The Honey Gourami originates from India and Bangladesh. It is known by the scientific names Trichogaster chuna,
Colisa sota, Colisa chuna and Trichopodus chuna. There are many color variations, which results in a multitude
of names based on two basic colors – red and gold. Names include the Red Honey Fire Gourami, Fire Honey Gourami,
Flame Honey Gourami, Gold Honey Gourami and the Honey Sunset Gourami. The Honey Gourami is easily confused with the
Dwarf Gourami, but is more slender with proportionally longer pelvic fins.
The body shape of the Honey Gourami is closer to the
Blue Gourami than the Dwarf Gourami. The Honey Gourami is also
distinguished from the Dwarf Gourami by being more active, less shy and spending more time near the surface
of the tank. The color of Honey Gouramis is often very dark near the anal and pelvic fins.
Honey Gouramis are labyrinth fish, which means they can survive on very low levels of oxygen and they can
breathe air directly. The tank should be well planted and floating plants are appreciated. Anacharis will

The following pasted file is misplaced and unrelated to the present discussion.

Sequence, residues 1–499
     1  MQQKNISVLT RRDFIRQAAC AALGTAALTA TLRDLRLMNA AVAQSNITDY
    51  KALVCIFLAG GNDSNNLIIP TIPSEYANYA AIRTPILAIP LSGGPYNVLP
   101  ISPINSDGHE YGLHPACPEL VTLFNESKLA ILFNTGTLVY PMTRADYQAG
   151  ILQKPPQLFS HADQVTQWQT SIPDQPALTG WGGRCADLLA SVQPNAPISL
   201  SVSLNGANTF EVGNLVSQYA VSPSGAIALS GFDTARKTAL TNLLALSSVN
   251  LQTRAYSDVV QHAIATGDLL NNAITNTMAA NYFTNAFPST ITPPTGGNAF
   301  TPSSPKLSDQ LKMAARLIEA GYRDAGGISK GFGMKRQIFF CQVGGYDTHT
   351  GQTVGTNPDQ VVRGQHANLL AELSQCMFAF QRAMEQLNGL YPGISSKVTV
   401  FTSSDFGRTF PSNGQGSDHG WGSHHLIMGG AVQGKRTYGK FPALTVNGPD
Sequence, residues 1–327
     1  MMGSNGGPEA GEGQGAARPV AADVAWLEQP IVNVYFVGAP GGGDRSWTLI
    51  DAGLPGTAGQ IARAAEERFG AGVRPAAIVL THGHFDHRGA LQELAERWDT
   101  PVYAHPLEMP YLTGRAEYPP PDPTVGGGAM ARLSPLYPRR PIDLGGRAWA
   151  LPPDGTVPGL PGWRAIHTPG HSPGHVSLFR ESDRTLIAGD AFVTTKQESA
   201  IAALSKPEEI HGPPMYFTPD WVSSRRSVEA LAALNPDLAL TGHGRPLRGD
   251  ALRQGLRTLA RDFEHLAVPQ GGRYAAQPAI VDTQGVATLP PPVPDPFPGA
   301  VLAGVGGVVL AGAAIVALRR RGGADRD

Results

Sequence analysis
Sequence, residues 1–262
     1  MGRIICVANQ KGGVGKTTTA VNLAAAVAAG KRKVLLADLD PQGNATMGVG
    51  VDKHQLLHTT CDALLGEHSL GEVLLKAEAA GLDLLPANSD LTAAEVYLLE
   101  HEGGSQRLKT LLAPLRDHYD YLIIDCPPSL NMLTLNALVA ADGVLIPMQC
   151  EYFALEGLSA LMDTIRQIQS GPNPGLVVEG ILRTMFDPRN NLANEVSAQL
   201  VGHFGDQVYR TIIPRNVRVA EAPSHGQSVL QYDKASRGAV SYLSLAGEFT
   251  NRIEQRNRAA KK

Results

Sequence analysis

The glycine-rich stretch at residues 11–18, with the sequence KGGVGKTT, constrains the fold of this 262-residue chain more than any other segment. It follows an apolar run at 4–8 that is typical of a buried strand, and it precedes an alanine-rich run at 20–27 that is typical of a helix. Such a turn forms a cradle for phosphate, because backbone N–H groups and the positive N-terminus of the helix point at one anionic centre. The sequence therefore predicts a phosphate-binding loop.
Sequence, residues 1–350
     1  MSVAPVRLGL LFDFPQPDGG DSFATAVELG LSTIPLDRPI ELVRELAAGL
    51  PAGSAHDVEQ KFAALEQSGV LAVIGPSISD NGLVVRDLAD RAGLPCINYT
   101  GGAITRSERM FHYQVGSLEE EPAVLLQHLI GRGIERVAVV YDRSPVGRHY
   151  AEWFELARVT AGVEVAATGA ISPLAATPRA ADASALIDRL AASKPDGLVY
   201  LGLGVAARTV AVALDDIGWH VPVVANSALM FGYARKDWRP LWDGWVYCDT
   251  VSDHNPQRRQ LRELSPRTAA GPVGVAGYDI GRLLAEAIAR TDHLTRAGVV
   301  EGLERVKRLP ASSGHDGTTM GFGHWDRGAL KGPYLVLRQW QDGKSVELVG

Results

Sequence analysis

be eaten rapidly though. Honey Gouramis should be kept in pairs or with several females for a lone male.
Honey Gouramis will eat flake food, algae flakes, tubifex, frozen bloodworms and live brine shrimp.
Males will develop brighter coloration than females. The males have more pointed dorsal fins, while
those of females are more rounded. Breeding of Honey Gouramis is difficult. Lower water levels and higher
temperatures may help. When they are ready to spawn, the male builds a bubble nest at the surface and then
dances and wraps around the female. The male ensures the rising eggs reach the bubblenest. The spawning
process can be repeated several times over a number of hours and thousands of eggs can be fertilized. The
female should be removed after spawning. The male will guard the nest and young fry. The fry hatch in a
couple of days. The fry should be fed infusoria, fine flake food and then brine shrimp.
| Scientific Name:
- 28 C; 72
- 82 F
6.0 - 8.0
|| 6 cm; 2
| Life Span:
|| 4 - 8 years
Difficult, Bubble Nest
Corydoras Catfish, Glass Fish, Guppies, Small
Tetras, Rasboras, White Clouds
other fish that may challenge the Honey Gourami
for the top of the tank.
Tropical fish and aquarium information about freshwater species, fish care,
fish facts, compatibility and aquarium maintenance.